What is California’s AB5 Law and What Does It Mean For Independent Truckers?

What is California’s AB5 Law and What Does It Mean For Independent Truckers?

As an established third-party trucking broker, Nationwide Transport Services has worked with several stakeholders to understand the impact of state laws on the heavy and oversized equipment shipping industry. While some laws may not have a significant effect, others, like California’s AB5 Law, have profoundly affected the sector, especially independent truckers and trucking companies.

Semi Truck loaded for transport

What is California’s AB5 Law?

The Assembly Bill 5 Law, shortened as AB5 Law, was signed into law by Governor Gavin Newson and took effect in September 2019. The law restricts employers’ ability to classify workers as contractors instead of employees, especially independent truckers.

This California legislation was championed by labor unions and replaced the standard model of classifying workers. The AB5 Law presents a new three-point ABC test that presumes a worker is employed unless specific criteria are met.

The ABC test criteria entail that the worker:

  1. Is not in the control and direction of the hiring company when executing their work
  2. Is performing duties or tasks outside the usual course of hiring company’s business
  3. Is customarily engaged in established trade, business, or occupation of the exact nature as the duty or task performed

According to the Assembly Bil 5 Law, the shipping or transport company must show or prove that the hired contractor’s role was outside of its normal business operations and function. This leaves an open avenue for independent truckers to claim to be employees of the hiring company and sue for benefits and wages.

Generally, the bill was introduced to safeguard gig workers from misclassification and give them the same rights and benefits the company’s regular employees enjoy. While many other states have the ABC test, they only deny independent trucker contractor status, where workers work regularly in the exact location.

California’s AB5 Law has been a subject of heated debate with a series of court cases. However, a Federal injunction exempting transport and shipping companies from the law was lifted when the United States Supreme Court declined to hear the case.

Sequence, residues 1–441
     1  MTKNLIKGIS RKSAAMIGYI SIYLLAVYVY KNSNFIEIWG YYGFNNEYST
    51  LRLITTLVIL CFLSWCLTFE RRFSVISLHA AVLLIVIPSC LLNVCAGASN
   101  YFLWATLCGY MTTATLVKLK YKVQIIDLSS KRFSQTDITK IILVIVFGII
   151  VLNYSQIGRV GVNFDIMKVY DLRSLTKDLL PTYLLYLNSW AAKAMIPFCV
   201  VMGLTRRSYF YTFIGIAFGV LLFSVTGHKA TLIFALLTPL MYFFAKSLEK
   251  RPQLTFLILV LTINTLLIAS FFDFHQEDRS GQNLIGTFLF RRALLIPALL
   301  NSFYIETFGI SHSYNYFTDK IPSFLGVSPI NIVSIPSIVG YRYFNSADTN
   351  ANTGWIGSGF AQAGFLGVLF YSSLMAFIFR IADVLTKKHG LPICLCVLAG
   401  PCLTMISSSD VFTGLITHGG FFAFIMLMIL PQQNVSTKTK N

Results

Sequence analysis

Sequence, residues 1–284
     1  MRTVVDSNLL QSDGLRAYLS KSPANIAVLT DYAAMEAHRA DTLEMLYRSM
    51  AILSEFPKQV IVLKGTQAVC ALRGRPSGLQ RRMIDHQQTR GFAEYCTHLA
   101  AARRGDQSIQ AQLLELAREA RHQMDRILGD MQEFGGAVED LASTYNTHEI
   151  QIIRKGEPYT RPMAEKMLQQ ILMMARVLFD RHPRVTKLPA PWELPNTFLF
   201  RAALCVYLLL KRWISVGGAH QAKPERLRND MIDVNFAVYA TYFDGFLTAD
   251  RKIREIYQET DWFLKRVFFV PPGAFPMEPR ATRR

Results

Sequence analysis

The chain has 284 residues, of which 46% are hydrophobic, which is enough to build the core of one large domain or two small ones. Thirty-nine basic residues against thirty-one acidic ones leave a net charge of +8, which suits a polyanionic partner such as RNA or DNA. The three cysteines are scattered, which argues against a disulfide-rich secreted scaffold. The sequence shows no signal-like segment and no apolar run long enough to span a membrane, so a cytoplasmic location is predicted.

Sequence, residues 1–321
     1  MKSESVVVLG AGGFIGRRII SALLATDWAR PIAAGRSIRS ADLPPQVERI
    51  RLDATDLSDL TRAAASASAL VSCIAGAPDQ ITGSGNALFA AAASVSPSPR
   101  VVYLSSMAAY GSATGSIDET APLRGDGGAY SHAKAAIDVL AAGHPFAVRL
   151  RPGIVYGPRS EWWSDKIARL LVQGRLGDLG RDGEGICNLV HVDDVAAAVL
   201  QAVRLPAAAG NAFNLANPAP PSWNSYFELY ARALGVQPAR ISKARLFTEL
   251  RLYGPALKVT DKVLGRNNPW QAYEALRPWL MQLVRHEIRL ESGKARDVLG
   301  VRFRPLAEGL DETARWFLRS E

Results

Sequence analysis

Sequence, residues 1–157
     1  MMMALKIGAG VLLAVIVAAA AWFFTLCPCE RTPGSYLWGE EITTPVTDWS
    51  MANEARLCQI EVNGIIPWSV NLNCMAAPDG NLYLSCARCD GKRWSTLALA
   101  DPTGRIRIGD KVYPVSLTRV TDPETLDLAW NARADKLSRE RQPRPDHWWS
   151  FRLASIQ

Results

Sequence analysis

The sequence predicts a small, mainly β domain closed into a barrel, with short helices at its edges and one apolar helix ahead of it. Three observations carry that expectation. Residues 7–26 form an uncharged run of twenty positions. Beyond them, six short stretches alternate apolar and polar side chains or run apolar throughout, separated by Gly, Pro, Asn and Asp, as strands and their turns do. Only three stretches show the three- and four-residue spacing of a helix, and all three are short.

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What Does the AB5 Law Mean for Independent Truckers Going Forward?

The shipping industry is one of the fields significantly impacted by California’s AB5 Law. Most independent truckers initially classified as owner-operators faced the risk of being reclassified as employees.

The transport or trucking industry, including independent truckers associations, has actively advocated for their concerns regarding the effects of Assembly Bill 5, mainly on the independence and flexibility of owner-operators.

However, further revisions and amendments to the AB5 Law have been discussed to accommodate and address specific challenges and concerns faced by different industries, mainly independent truckers.

For the independent trucker, California’s AB5 Law may continue to evolve through sustained court challenges and decisions, legislative amendments, and other new laws that could affect worker classification.

This also means that there will be continued advocacy efforts to influence regulations and legislation for independent truckers and the transport and shipping industry. Still, based on reclassifying independent contractors as employees means that the shipping company has to:

  • Pay employment taxes
  • Provide health insurance
  • Pay minimum wage
  • Provide paid time off
  • Pay drivers overtime for more than 40 hours per week
  • Contract for worker’s compensation benefits

Does AB5 Include Trucking Companies?

The introduction of Assembly Bill 5 in California significantly affects trucking companies, specifically the classification of workers. Initially, the law was intended to require or compel ride-hailing companies such as Uber to classify their drivers as employees.

However, the scope of this law extends beyond this field, changing the classification of workers in several trucking and logistics companies in California. For trucking companies, the crux of this law lies in the ABC test criteria.

Where previously, the trucking, shipping, and transportation companies applied the contract owner-operators model in California, they would now have to treat them as employees. Under this law, trucking companies employing owner-operators as workers must provide or give them the same protections, benefits, and rights as any other employee in California.

This exposes trucking companies to lawsuits for compensation from independent truckers. Under AB5, the shipping companies’ independent operators are considered workers unless the duties or tasks are part of the Assembly Bill exemptions, or the business meets the established ABC test criteria.


Reach out to a logistics specialist from Nationwide Transport Services, LLC for more information on any topic in logistics by dialing (877) 278-3135.

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